This is a difficult question to answer, it depends :-)
Your skin colour plays an important role in establishing how long you should remain in direct sunlight, the darker the skin the longer you will need to be exposed to sunlight.
For example a light skinned person in July in europe would only need 10 minutes in the sun whereas a dark skinned person to achieve the same result would need 45 minutes in the sun.
A good guide is the sun calendar, BUT in the winter months all wrapped up you will find it extremely difficult to boost your levels to what is needed.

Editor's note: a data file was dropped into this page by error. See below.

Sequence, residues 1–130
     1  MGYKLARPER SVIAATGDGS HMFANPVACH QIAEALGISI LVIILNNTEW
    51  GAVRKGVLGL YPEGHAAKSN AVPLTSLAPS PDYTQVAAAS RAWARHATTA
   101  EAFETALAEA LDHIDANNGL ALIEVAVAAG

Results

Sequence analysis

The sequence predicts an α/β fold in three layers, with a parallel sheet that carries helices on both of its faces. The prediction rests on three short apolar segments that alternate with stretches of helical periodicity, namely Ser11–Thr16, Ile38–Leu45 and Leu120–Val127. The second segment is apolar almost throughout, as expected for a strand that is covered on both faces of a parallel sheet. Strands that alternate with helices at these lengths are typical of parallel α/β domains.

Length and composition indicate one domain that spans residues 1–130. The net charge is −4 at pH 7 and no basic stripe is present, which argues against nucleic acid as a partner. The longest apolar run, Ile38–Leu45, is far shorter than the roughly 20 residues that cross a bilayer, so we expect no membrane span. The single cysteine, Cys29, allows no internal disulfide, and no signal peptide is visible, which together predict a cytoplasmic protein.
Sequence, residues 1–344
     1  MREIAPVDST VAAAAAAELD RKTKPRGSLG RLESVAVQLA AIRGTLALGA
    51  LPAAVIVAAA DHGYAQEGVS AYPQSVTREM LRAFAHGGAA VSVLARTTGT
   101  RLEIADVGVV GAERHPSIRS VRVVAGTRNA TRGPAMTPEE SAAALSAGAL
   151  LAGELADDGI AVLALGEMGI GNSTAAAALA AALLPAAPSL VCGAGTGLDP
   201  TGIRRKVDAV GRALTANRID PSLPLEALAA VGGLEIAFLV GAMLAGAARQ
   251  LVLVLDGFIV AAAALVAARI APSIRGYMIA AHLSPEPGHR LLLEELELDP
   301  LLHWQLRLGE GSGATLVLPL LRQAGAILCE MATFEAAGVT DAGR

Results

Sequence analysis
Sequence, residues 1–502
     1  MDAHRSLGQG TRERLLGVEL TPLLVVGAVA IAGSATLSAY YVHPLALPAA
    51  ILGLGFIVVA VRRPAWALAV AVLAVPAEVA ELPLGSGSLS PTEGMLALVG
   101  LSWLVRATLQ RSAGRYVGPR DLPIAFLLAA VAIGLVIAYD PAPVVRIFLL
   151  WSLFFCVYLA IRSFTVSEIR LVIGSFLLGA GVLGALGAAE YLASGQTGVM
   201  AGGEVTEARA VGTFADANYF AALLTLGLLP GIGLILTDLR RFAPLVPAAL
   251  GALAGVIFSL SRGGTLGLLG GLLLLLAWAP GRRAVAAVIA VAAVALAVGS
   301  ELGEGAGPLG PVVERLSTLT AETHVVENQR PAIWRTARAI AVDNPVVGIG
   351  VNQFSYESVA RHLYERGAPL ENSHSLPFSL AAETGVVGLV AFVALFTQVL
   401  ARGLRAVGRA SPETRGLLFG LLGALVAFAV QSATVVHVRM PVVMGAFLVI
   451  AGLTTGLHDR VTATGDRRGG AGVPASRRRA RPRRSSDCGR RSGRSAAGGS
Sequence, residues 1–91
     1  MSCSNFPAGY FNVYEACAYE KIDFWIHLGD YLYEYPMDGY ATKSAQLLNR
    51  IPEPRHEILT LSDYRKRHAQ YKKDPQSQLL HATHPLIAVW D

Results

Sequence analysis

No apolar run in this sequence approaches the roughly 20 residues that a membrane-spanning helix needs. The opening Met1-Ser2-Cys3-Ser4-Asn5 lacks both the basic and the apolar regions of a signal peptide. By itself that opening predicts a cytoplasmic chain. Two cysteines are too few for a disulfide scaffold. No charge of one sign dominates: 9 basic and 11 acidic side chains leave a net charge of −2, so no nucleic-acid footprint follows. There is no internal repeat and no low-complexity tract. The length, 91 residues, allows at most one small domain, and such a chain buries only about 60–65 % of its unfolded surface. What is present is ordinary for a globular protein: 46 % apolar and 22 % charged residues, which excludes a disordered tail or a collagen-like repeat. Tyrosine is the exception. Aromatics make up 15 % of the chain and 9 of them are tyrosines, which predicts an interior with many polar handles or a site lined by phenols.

In the summer however it's a lot easier because you will inevitably be showing a lot more skin to the sun and wearing lighter clothing and maybe even having a swim!
The vast majority of us in the northern hemisphere are low on vitamin D and a supplement is necessary.
Our lifestyle is not at all conducive to getting a lot of sun, we seem to spend more time in front of a screen than out in the daylight.
There are many variables affecting your vitamin d levels, those variables being YOU, because you are different from me! Your weight, height, metabolic rate etc...the only reliable way is to have a blood test that will determine your vitamin D levels.
But unless you live on or near the equator and spend a lot of time on the beach the likelihood is that you will be deficient in the sun vitamin that is fast becoming more important to maintain our health and our immunity.